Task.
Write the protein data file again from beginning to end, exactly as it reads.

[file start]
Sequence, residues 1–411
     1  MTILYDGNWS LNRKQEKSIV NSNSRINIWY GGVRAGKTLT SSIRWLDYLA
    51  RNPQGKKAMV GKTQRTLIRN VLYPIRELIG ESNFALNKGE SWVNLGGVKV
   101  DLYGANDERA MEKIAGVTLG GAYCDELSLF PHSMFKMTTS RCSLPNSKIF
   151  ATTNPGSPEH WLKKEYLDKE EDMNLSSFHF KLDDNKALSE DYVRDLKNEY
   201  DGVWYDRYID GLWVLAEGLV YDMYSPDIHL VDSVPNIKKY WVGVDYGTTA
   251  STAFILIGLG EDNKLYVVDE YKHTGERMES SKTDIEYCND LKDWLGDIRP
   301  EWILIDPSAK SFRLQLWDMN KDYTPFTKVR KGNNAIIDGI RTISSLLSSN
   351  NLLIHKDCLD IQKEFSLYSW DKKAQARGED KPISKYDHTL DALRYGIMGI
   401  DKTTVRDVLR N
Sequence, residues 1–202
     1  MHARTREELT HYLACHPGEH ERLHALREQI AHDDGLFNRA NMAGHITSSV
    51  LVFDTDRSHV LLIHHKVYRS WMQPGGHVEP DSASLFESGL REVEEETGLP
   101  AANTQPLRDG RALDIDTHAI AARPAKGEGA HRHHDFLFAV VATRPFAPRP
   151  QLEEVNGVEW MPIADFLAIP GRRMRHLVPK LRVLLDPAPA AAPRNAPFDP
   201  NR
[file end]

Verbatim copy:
Sequence, residues 1–411
     1  MTILYDGNWS LNRKQEKSIV NSNSRINIWY GGVRAGKTLT SSIRWLDYLA
    51  RNPQGKKAMV GKTQRTLIRN VLYPIRELIG ESNFALNKGE SWVNLGGVKV
   101  DLYGANDERA MEKIAGVTLG GAYCDELSLF PHSMFKMTTS RCSLPNSKIF
   151  ATTNPGSPEH WLKKEYLDKE EDMNLSSFHF KLDDNKALSE DYVRDLKNEY
   201  DGVWYDRYID GLWVLAEGLV YDMYSPDIHL VDSVPNIKKY WVGVDYGTTA
   251  STAFILIGLG EDNKLYVVDE YKHTGERMES SKTDIEYCND LKDWLGDIRP
   301  EWILIDPSAK SFRLQLWDMN KDYTPFTKVR KGNNAIIDGI RTISSLLSSN
   351  NLLIHKDCLD IQKEFSLYSW DKKAQARGED KPISKYDHTL DALRYGIMGI
   401  DKTTVRDVLR N
Sequence, residues 1–202
     1  MHARTREELT HYLACHPGEH ERLHALREQI AHDDGLFNRA NMAGHITSSV
    51  LVFDTDRSHV LLIHHKVYRS WMQPGGHVEP DSASLFESGL REVEEETGLP
   101  AANTQPLRDG RALDIDTHAI AARPAKGEGA HRHHDFLFAV VATRPFAPRP
   151  QLEEVNGVEW MPIADFLAIP GRRMRHLVPK LRVLLDPAPA AAPRNAPFDP
   201  NR